(PACE).
HBPC provides comprehensive primary care led
Veterans Affairs Home Based Primary Care.
by a HBPC medical director in coordination with
The U.S. Department of Veterans Affairs
an interdisciplinary team. By contrast, Medicare
operates a Home Based Primary Care (HBPC)
home health is guided by a plan of care reviewed
program that provides care to patients with
and approved by the patient’s community
“complex chronic disabling disease and uses
physician, but because the physician’s Medicare
an interdisciplinary team of ... geriatric-skilled
payment is unrelated to Medicare home health,
practitioners to provide comprehensive
care is rarely fully coordinated.
longitudinal primary care in the homes of
veterans for whom routine clinic-based care is
Medicare home health care is provided only to
not effective.”32 Begun in 1972, the program’s
patients who require skilled nursing or therapy
intent is to deliver comprehensive primary
care, and who are homebound. By contrast,
care in the home, where the primary care
HBPC patients need not require skilled care,
provider is the HBPC medical director alone,

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and the patient does not need to be homebound. Critical differences between the VA’s HBPC
HBPC program eligibility is possible for patients program & Medicare home health care
“for whom routine clinic-based care is not
effective.”34 VA’s HBPC Medicare HH
HBPC targets patients with chronic disease. It Led by a HBPC Guided by a plan
is accepted that the patient’s health status will medical director in of care reviewed
decline, and HBPC meets needs even through coordination with an and approved
the end of life. Medicare home health has interdisciplinary team. by the patient’s
largely focused on remediable conditions due to community physician.
Medicare contractor interpretations that created Care is rarely fully
an “improvement standard.” This standard has coordinated.
been challenged and overturned by the federal
Patients need not Provided only to
courts and it remains to be seen how application
require skilled care, patients who require
of the Medicare benefit may change. Moreover,
and the patient skilled nursing or
although many Medicare home health providers
does not need to be therapy care, & who
offer palliative care programs, there is a separate
homebound. are homebound.
Medicare hospice benefit that is independent of
the Medicare home health benefit.
Targets patients with Largely focused
chronic disease. on remediable
HBPC provides longitudinal care. By contrast,
conditions due to
Medicare home health is structured to provide
Medicare contractor
care in short-term 60-day episodes.
interpretations
that created an
HBPC provides support and education for
“improvement
caregivers, adapts the home as needed for a safe
standard.”
and therapeutic environment, and contracts as
needed with adult day health care programs,
Provides longitudinal Structured to provide
home maker and home hospice programs. The
care. care in short-term 60-
Medicare home health benefit is limited in
day episodes.
nature, and while home health aide services are
provided (incident to the skilled needs), home
Provides support Benefit is limited in
maker supports, home adaptations, and adult
and education for nature, and while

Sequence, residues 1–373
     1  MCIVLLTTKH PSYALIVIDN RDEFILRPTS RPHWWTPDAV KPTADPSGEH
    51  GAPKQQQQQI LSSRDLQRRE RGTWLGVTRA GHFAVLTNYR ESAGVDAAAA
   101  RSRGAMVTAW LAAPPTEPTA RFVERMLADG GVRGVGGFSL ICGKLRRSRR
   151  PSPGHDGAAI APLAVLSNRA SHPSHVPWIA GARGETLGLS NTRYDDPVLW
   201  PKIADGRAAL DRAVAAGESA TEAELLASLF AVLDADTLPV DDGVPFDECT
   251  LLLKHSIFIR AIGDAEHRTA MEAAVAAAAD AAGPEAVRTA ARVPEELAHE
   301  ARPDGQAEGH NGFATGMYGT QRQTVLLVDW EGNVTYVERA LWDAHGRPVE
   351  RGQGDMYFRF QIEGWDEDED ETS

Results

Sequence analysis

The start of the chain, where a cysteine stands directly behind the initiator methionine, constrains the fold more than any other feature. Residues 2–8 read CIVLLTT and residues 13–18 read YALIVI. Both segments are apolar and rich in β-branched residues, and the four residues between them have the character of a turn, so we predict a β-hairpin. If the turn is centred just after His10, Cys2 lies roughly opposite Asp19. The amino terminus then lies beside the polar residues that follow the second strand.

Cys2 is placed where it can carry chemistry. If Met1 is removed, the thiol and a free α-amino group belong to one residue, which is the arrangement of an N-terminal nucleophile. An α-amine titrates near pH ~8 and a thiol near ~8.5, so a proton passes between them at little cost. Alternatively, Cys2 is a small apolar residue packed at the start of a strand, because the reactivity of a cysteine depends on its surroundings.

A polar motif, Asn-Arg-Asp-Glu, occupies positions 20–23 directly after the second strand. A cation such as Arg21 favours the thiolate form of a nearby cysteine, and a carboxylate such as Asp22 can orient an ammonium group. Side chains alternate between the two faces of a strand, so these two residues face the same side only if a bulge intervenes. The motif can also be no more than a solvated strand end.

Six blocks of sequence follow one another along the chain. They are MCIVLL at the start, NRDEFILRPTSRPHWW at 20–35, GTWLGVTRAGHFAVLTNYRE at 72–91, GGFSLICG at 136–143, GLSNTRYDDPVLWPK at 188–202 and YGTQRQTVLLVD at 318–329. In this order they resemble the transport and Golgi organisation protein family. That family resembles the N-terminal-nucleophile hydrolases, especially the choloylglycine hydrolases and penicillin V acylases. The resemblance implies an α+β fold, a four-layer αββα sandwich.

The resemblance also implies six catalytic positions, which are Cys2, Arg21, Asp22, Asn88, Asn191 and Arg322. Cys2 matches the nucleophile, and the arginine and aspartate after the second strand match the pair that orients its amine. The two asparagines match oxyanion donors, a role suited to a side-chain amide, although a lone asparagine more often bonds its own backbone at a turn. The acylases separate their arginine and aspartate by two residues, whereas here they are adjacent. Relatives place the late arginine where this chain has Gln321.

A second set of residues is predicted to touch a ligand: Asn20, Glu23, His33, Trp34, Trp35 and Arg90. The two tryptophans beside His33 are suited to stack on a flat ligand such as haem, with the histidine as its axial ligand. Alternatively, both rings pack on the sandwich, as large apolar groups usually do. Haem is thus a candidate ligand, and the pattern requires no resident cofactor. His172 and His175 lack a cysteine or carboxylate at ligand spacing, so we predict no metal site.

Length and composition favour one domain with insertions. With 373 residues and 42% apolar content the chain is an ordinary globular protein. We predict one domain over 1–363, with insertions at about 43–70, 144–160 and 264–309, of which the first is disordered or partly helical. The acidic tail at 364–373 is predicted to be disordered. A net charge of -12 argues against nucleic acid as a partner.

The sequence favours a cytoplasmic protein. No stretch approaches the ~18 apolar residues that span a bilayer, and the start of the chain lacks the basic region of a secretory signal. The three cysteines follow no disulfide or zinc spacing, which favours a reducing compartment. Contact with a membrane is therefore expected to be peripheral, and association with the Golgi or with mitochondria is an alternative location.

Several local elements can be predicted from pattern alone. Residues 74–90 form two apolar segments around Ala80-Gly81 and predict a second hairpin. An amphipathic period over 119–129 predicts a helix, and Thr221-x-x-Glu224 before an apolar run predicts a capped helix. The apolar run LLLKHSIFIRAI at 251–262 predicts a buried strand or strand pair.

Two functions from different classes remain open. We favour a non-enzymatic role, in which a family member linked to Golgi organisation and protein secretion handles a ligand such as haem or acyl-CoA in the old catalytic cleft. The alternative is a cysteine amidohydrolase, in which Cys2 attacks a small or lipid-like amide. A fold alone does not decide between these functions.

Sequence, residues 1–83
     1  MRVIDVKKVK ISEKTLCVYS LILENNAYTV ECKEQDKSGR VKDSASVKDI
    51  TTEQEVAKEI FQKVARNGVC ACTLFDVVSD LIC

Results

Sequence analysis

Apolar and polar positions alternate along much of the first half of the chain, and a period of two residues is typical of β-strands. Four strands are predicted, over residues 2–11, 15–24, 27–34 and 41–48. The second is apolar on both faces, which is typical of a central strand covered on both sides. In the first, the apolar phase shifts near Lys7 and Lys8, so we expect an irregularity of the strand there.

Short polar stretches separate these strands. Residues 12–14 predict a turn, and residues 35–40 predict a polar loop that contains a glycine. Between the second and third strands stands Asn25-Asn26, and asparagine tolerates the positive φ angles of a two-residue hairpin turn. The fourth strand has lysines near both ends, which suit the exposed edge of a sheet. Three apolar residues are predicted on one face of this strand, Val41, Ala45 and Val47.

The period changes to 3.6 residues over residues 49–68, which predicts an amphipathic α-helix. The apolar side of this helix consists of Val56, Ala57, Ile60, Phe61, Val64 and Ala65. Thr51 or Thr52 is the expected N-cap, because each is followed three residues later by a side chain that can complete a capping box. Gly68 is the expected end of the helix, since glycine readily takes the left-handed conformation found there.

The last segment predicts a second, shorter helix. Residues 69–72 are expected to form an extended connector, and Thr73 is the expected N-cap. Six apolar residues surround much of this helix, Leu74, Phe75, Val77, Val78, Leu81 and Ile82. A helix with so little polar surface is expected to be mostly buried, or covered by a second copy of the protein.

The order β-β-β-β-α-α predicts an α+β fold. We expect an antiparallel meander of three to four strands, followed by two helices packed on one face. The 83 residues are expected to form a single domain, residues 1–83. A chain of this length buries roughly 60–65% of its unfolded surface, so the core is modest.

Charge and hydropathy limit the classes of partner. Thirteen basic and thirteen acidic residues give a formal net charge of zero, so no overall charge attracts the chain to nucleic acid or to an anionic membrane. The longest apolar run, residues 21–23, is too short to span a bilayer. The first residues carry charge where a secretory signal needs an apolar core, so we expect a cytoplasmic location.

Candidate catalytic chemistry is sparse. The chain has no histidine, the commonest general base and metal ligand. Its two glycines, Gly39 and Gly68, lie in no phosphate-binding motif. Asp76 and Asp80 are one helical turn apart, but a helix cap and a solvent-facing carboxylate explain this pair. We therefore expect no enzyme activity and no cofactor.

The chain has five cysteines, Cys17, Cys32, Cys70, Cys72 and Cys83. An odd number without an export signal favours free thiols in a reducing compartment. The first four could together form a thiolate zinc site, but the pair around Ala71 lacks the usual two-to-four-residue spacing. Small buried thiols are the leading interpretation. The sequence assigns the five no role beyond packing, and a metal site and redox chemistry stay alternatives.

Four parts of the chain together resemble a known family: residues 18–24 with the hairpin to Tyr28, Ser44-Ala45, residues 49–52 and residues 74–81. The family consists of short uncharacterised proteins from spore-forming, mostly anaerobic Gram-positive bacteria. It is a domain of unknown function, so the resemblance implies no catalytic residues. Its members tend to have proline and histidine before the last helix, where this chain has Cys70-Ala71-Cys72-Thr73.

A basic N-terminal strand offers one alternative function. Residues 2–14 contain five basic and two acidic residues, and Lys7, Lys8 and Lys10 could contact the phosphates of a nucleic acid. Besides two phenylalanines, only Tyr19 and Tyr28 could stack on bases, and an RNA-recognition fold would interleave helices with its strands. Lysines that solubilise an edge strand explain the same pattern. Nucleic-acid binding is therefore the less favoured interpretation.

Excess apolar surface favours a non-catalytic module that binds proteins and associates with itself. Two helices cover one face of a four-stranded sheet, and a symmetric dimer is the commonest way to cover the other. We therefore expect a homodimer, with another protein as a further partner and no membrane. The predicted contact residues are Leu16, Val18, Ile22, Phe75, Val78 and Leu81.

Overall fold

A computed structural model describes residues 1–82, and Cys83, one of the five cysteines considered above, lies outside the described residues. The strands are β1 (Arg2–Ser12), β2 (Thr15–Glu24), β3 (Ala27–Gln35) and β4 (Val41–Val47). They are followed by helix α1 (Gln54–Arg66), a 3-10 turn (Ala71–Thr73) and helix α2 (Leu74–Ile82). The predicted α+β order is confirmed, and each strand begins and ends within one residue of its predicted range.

day services are not covered by Medicare.The
caregivers, adapts the home health aide
VA’s HBPC program offers an example of how
home as needed for a services are provided
home-based care can be optimized to deliver
safe and therapeutic (incident to the
improved outcomes for Americans who are older
environment, and skilled needs), home
and have disabilities, simultaneously generating
contracts as needed maker supports, home
considerable cost savings to the health care
with adult day health adaptations, and adult
system.
care programs, home day services are not
maker and home covered by Medicare.
hospice programs.

THE FUTURE OF HOME HEALTH CARE PROJECT 14


Medicare’s Program of All-Inclusive Care for for those enrolled in home and community based
the Elderly. Another federal program that has services alone.
leveraged home-based care to improve outcomes
and lower cost of care is the Program of All- PACE organizations take on full financial risk
Inclusive Care for the Elderly (PACE). in addressing all aspects of care, including both
medical and long-term care needs. In PACE,
PACE is a comprehensive capitated benefit enabling care at home is a means to avoid
package that integrates Medicare and Medicaid unnecessary admissions to the nursing home
financing to provide acute and long-term care for and hospital. Although the PACE program’s cost
the elderly. Eligible participants must be aged 55 effectiveness is under ongoing evaluation, the
or over, need nursing facility-level care, live in a favorable outcomes suggest the need for reforms
PACE organization care area, and are able to live that focus on home and community-based care
safely in the community. For most participants, that comprehensively meets the broad array of
the comprehensive benefit allows them to receive needs of older Americans.
care at home, rather than in a nursing home.35
Both the VA Home Based Primary Care program
Today there are 98 PACE programs operating and the PACE program have been established
in 31 states. PACE programs deliver all needed as effective models of care that emphasize care
medical and supportive services, providing the delivered at home and in the community as a
entire continuum of care and services to seniors means of achieving the Triple Aim. These are
with chronic care needs while maintaining their limited programs, however, that are not available
independence in their homes for as long as to every older American in need. The VA HBPC
possible. The care and services provided include: program is limited to veterans and by geography.